Under what circumstances can a priest substitue another mid stream in a confession?

Does anyone know why this would be done?

Is this a hypothetical question or have you heard of a situation in which this was done? Short of the priest having a heart attack or stroke in the confessional, I can’t imagine such a thing ever happening. Even in these situations I would think that the penitent would help the priest, if qualified, or just get out of the way. If another priest came to hear confessions, the penitent would just begin his confession all over again. One priest could never just “take over” from another priest without starting the confession again, because a priest would never tell another priest what he had heard in the confessional. A priest will not break the seal of the confessional under any circumstances.

Did he do this after he said, “You again?” :smiley: No, I’ve never heard of such a practice. Like the previous poster stated, if absolution was not granted then there was no sacrament and the entire confession would need to take place with the second priest.

Until we hear more about the specifics the OP has experienced, I’d like to consider the theoretical possibilities.

It seems to me that the priest having knowledge of the penitent’s sins is preferred, but not mandatory, as we’ve heard about the validity of this sacrament when the penitent and the confessor do not speak the same language.

We also know about the various provisions for completing the Eucharistic sacrifice if for whatever reason the original celebrant is unable.

On these bases, I would venture that a confession can in theory be validly completed once begun, if in extreme circumstances the original confessor must be replaced. The replacement need not know the sins previously confessed, so long as the penitent met the general rule about number and kind of sins.

Having said that, I think such situations would be very rare indeed, and in nearly every case the new confessor would simply ask for a recap of what was previously confessed.

I never even considered this…very clever scenario!
I wonder if a priest has ever fallen asleep while somebody was confessing?

“Father, he found out about the embezzlement so I had to liquidate him.”

zzzzzzzz:D

Given the few possible circumstances described in which this might happen one would hope the penitent might turn on their mobile phone (assuming they turned it off before coming into church) and phone for an ambulance rather than ringing the diocese to say Fr’s just collapsed while I was in the middle of confession do you think you could said a replacement. They’d probably reply if you can find a priest please let us know.

Can you provide a resource or some documentation that supports this? Thank you.

:confused:The resource is the logic put forth in the previous two paragraphs.

If the Church at some point decides to enshrine this as official teaching, even better. For now, I thought it was fairly clear that I was making a theoretical argument.

A valid absolution is not dependent on the confession of sins. Although I do not know if this is licit outside the cases of emergency.

Since the Church can grant or restrict faculties, and the Sacrament of Penance is invalid in the absence of faculties, licity and validity go hand in hand a bit more than in most of the other sacraments. So the Church can make valid absolution dependent on the confession of sins - and I think at present it does, outside of emergencies.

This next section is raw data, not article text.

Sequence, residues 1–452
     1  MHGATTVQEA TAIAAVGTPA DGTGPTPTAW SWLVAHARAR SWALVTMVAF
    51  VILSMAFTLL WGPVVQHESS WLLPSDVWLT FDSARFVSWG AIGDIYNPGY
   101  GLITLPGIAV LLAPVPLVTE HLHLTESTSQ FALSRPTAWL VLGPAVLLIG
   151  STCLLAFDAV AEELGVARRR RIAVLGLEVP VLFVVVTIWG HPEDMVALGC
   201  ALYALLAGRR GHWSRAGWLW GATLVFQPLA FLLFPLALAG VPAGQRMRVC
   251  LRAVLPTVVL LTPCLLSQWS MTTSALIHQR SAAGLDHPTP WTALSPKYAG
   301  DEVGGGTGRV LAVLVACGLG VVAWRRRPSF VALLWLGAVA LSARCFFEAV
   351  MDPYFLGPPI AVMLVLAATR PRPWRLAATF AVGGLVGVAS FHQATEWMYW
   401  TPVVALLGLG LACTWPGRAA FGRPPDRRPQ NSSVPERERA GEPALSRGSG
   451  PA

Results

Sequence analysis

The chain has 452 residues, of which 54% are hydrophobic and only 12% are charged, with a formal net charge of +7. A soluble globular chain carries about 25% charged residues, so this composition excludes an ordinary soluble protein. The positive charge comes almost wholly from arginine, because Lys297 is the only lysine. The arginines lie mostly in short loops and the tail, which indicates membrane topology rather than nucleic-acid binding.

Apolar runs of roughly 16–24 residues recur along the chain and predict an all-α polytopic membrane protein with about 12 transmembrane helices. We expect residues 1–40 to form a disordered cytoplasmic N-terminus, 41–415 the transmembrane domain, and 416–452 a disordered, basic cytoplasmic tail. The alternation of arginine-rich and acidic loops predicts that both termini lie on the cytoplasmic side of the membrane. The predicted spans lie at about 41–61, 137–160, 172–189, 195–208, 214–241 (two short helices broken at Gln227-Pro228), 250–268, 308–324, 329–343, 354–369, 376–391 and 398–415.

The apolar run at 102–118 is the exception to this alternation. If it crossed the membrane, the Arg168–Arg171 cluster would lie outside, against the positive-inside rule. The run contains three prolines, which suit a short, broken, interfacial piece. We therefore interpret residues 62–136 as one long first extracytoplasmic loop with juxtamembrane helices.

Canon Law says that for absolution to be valid, you need a valid minister (priest with valid Orders) and faculties from the Church. I can’t find any other prescript that would invalidate absolution by a priest with faculties other than if the penitent is an accomplice of the said priest against the Sixth Commandment (except in danger of death). Do you have something that says that valid absolution is dependent on confession of sins except in cases of necessity?

Can. 959 In the sacrament of penance the faithful who confess their sins to a legitimate minister, are sorry for them, and intend to reform themselves obtain from God through the absolution imparted by the same minister forgiveness for the sins they have committed after baptism and, at the same, time are reconciled with the Church which they have wounded by sinning.

Can. 960 Individual and integral confession and absolution constitute the only ordinary means by which a member of the faithful conscious of grave sin is reconciled with God and the Church. Only physical or moral impossibility excuses from confession of this type; in such a case reconciliation can be obtained by other means.

Can. 988 §1. A member of the Christian faithful is obliged to confess in kind and number all grave sins committed after baptism and not yet remitted directly through the keys of the Church nor acknowledged in individual confession, of which the person has knowledge after diligent examination of conscience.
§2. It is recommended to the Christian faithful that they also confess venial sins.

Never mind------ Found it----

Can. 959 In the sacrament of penance the faithful who confess their sins to a legitimate minister, are sorry for them, and intend to reform themselves obtain from God through the absolution imparted by the same minister forgiveness for the sins they have committed after baptism and, at the same, time are reconciled with the Church which they have wounded by sinning.

Help me out here. Who is an official minister in this particular case?

That would be the priest or bishop hearing the confession… teachccd

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